That history has been told by Irving Rouse in his book, The Taínos: Rise and Decline of the People Who Greeted Columbus. He says the Taíno people—whose ancestral origins have been traced back to the Guianas, the Orinoco Valley and Amazonia in South America—emerged in the West Indies in the latter part of the first millennium a.d. and reached their heyday at around 1200 A.D. Those who welcomed the Spaniards used the word Taíno, which translates to good or noble. This was not to identify the name of their race but to explain who they were not—their neighbors inhabiting the Windward Islands, the fierce Island-Caribs. They had different names for themselves: in Puerto Rico, for example, they were the Borinquen (also Boriken), and in the Bahamas, the Lucaya. Theirs was a society of villages ruled by a cacique (chief) and regional chiefdoms and that thrived on an economy based primarily on agriculture—growing such crops as cassava, sweet potato, beans and peppers—along with fishing.

The Taíno population and way of life deteriorated rapidly following the arrival of the Europeans. The men were forced away from their farms and into the gold mines, where, brutally overworked, many perished. There was starvation, and the lethal diseases the Spanish brought with them, including a small pox outbreak in 1519, and rebellions against the colonizers. The Taíno were further diminished by suicide, interbreeding with Spanish people and slaves brought in from Africa and other Caribbean islands, and by flight. When Columbus arrived, chroniclers of the day estimated they numbered more than 1 million on Hispaniola and Puerto Rico alone. “By 1524 they had ceased to exist as a separate population group,” writes Rouse.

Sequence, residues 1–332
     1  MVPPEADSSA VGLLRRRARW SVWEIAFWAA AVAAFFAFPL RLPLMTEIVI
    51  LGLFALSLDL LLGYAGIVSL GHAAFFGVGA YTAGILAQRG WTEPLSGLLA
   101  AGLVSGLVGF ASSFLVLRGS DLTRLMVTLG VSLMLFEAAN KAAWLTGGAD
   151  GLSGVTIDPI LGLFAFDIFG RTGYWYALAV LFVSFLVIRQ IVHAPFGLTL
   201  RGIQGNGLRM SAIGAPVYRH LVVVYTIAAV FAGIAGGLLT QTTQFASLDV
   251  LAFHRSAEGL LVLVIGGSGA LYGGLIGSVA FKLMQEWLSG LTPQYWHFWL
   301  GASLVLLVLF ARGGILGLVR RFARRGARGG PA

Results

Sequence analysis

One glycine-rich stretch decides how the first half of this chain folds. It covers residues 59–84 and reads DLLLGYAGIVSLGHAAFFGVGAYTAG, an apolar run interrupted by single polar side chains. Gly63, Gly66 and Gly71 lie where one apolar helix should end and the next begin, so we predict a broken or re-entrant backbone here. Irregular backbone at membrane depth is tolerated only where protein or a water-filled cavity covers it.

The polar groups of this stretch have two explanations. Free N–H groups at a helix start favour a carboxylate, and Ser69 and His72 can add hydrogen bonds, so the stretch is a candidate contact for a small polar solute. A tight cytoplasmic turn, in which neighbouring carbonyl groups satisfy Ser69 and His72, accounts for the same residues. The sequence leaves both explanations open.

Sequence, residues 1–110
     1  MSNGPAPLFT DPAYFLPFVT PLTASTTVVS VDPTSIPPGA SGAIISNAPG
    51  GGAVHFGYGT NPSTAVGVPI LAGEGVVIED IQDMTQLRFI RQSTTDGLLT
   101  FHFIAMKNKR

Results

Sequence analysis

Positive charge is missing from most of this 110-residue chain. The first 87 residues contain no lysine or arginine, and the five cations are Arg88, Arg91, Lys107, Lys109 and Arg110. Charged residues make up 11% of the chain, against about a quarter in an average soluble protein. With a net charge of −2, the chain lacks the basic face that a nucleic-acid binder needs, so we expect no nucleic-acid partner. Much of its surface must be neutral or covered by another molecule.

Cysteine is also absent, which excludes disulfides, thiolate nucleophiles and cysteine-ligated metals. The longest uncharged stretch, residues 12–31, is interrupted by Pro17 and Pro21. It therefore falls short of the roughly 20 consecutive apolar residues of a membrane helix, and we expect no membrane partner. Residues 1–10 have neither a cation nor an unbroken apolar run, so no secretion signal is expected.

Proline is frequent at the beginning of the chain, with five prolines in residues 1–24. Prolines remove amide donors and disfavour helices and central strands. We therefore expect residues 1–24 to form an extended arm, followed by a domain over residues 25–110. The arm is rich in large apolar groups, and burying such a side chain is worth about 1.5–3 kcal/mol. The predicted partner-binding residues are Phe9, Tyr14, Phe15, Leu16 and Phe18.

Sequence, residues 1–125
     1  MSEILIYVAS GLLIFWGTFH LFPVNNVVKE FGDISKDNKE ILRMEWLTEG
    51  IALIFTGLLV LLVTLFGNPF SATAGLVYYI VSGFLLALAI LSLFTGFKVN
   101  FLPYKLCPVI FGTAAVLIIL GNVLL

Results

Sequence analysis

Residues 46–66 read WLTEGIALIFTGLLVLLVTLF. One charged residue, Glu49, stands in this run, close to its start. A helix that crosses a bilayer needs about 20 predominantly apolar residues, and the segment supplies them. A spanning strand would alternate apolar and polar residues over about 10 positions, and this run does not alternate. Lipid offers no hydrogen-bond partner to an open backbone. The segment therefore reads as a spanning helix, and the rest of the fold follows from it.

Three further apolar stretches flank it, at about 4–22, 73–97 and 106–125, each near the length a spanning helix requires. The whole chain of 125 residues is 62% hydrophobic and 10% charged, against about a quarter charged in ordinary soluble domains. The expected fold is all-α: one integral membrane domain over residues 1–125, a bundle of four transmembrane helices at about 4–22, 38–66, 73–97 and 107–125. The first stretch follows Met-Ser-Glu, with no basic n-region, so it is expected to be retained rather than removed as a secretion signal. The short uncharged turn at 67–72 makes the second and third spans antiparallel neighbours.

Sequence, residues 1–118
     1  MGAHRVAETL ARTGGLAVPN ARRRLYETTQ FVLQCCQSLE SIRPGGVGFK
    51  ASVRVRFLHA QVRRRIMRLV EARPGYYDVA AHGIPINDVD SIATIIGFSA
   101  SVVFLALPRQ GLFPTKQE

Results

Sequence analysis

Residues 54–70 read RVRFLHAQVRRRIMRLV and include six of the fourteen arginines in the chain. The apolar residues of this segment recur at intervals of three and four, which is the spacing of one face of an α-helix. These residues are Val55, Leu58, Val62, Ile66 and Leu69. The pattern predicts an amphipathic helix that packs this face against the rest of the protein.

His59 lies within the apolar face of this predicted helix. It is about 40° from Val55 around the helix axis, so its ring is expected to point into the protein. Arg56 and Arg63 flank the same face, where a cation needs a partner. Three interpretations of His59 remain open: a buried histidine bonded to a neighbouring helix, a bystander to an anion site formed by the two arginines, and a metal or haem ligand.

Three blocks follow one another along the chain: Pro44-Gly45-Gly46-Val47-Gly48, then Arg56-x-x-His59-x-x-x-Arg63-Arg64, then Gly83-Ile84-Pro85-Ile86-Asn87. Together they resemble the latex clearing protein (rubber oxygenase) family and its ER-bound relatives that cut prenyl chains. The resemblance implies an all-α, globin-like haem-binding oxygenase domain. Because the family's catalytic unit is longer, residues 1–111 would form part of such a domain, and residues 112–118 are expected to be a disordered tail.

Roberto Borrero identifies himself as Taíno. Named by Taíno community members Mukaro (translates to “Owl”), he grew up in New York City’s Spanish Harlem. He says he was more fortunate than most other inner-city kids in that his parents—who were born in Puerto Rico—started bringing him to the island and exposing him to his indigenous heritage at a young age. However, he stresses, there was never a focus on being Taíno. It wasn’t denied, but it wasn’t explored. “When my mother mentioned our Native heritage,’ he says, “for me, as a young kid in the city, it didn’t feel real because the only images I was getting of indigenous identity were from TV, and that was cowboys and Indians, and we didn’t look like that. We didn’t live in tipis. We didn’t ride horses. Who really wanted to be associated with that—they always seemed to be losing on TV.”

As Mukaro matured, he began to appreciate his Indian ancestry, the agricultural heritage of his father’s family, who lived on the island’s southwestern coast; the Native creation stories his uncle recited; his mother’s traditional cooking style, like the pasteles made from yucca; and the fermented drink made from tree bark that sat in the window sill of his family’s apartment when his grandfather visited them.